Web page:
On Jan. 1, 1863, President Lincoln’s Emancipation Proclamation became law. The night before, New Year’s Eve 1862, Black people—both slaves and free—came together in worship spaces both formal and informal to wait and pray through what became known as Freedom’s Eve or Watch Night.
While the Watch Night tradition itself can be traced to mid-18th Century Moravian churches, leading John and Charles Wesley to adapt it to their fledgling Methodist movement and to later Methodists adopting it as a covenant renewal service, the legal end of slavery as an institution in the U.S. gives it a meaning that still echoes in our contemporary contexts.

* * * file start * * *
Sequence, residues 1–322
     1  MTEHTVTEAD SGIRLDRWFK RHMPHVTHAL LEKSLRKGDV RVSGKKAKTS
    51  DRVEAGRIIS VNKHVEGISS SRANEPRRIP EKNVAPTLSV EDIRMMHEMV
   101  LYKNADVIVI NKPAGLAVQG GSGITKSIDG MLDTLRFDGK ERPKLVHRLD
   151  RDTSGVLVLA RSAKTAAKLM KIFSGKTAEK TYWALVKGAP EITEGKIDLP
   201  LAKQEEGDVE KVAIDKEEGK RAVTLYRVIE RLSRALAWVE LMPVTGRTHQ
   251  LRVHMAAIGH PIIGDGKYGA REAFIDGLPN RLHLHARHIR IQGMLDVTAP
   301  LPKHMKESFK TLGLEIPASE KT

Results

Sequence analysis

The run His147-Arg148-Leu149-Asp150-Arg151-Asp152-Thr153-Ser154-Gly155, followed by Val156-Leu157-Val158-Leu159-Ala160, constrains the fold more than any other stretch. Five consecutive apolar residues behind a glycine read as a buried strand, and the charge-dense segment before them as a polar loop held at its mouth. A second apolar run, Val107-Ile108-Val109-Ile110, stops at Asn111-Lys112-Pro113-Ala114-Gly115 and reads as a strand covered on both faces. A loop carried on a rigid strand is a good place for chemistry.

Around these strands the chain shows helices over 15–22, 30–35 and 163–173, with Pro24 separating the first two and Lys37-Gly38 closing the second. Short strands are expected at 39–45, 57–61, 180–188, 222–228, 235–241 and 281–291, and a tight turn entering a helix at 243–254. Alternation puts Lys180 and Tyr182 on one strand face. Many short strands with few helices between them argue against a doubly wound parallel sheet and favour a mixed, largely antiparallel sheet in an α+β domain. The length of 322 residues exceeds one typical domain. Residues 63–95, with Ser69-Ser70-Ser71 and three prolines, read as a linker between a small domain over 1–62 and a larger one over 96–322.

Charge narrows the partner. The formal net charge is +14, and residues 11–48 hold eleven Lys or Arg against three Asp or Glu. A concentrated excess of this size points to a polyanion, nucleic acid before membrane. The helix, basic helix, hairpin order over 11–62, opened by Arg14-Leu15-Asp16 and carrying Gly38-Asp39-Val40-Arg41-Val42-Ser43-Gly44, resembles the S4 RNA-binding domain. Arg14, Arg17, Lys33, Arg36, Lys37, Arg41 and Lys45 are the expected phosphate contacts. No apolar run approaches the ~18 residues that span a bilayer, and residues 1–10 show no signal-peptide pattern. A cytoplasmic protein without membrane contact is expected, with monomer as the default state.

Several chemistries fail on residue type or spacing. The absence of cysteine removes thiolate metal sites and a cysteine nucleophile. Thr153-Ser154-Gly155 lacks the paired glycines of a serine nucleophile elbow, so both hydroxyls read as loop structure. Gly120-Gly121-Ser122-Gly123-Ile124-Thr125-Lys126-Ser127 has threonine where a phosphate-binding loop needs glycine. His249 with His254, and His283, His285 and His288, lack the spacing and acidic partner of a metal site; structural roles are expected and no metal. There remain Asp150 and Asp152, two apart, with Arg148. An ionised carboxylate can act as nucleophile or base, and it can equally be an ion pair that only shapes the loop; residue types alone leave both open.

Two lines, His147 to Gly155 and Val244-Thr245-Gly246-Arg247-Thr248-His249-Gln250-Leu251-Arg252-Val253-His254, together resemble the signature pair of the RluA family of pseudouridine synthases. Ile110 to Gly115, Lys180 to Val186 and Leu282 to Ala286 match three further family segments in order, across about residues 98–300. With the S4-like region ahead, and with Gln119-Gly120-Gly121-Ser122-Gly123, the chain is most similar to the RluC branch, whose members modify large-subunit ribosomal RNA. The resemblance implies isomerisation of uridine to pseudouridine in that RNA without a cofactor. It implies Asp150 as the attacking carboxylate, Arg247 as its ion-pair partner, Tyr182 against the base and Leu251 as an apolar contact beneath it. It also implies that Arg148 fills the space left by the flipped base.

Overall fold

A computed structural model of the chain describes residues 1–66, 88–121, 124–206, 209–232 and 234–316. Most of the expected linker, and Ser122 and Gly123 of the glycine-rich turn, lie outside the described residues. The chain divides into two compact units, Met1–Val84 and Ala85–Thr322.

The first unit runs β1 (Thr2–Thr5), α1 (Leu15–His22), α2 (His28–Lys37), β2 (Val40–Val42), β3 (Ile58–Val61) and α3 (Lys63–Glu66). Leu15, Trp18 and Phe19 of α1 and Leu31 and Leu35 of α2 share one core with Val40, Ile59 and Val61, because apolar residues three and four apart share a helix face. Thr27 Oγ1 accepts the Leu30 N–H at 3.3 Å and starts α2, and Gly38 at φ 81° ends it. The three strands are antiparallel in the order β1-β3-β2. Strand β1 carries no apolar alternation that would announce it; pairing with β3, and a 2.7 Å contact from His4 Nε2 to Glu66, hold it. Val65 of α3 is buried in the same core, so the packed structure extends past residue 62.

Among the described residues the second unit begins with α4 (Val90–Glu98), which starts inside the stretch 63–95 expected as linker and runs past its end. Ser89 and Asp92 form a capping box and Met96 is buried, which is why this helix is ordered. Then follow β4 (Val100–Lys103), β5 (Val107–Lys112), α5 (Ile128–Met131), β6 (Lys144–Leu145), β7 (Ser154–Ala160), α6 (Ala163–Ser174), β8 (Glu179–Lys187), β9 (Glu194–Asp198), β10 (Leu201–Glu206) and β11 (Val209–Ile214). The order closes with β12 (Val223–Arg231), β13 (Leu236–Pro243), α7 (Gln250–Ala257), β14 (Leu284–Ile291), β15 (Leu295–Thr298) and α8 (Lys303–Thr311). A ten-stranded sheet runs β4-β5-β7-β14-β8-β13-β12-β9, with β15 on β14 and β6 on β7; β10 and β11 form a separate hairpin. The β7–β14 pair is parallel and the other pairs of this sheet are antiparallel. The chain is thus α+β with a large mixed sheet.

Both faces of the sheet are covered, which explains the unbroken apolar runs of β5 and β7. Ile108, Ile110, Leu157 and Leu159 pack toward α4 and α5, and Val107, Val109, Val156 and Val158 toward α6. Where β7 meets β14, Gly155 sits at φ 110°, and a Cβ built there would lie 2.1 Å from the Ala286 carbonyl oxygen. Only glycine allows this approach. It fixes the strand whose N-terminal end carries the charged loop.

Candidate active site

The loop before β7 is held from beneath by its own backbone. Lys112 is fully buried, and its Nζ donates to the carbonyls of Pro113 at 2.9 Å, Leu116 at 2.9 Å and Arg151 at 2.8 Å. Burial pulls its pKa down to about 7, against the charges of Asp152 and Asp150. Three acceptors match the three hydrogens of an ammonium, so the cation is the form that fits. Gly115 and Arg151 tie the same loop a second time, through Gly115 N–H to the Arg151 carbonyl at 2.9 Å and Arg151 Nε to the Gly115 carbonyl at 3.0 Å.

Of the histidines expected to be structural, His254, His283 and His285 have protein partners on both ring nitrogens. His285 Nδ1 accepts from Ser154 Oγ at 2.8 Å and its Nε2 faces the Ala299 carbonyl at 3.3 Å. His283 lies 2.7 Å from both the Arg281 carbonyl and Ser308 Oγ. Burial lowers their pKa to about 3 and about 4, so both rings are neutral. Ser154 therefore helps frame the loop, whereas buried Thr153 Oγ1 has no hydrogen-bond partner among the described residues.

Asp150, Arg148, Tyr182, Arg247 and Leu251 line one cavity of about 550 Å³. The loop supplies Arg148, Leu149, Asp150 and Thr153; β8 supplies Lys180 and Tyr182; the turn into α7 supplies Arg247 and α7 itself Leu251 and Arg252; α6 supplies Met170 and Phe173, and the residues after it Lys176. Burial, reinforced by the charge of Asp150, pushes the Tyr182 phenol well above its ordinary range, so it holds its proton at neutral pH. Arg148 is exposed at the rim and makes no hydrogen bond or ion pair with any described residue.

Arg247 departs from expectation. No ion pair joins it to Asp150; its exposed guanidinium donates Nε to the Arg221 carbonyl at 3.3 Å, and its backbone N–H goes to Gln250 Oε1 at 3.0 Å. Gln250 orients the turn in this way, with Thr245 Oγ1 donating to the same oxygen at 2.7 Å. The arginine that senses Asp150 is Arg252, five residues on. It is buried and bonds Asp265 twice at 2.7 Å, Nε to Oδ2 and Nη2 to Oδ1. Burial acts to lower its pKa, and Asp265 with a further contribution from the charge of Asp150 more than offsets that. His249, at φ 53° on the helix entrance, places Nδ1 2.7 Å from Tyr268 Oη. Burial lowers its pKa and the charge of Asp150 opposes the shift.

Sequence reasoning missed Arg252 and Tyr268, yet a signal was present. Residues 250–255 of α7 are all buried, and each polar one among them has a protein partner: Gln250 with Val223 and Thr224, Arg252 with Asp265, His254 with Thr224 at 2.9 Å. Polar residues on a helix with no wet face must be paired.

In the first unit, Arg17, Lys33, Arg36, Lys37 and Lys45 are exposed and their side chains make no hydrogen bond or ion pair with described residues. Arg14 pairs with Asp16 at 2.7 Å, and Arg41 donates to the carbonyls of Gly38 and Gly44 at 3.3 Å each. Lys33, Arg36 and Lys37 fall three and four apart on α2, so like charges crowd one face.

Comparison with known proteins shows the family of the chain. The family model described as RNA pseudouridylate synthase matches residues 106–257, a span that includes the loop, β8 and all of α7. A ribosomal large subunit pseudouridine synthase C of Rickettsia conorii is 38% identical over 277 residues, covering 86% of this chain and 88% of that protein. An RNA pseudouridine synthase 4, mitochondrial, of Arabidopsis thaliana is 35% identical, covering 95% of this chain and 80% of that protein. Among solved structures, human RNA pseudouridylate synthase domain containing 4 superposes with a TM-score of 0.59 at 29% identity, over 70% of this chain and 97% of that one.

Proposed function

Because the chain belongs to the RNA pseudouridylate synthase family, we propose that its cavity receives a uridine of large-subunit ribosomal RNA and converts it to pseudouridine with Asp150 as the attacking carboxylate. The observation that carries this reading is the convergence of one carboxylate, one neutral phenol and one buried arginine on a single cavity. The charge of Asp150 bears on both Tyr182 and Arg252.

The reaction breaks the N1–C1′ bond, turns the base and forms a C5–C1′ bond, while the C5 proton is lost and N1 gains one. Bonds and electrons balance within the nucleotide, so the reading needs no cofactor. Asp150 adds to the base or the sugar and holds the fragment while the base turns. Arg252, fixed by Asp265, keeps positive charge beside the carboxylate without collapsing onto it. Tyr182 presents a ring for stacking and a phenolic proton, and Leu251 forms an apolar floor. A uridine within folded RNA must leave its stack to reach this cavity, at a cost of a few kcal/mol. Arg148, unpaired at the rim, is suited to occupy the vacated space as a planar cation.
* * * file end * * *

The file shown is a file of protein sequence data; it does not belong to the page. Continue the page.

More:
This week at New Wineskins, we’ll talk about what it means to be a community that watches and prays for emancipation and freedom as we head into 2021. We’ll discuss what we are waiting to be emancipated from and, more importantly, how we can be agents of emancipation for others who are still experiencing oppression and marginalization in our world today.
Join us this Sunday, Dec. 27, in our New Wineskins Virtual Pub for a contextual Watch Night conversation.
Zoom connection opens for Happy Half Hour at 6:00pm
Conversation begins at 6:30pm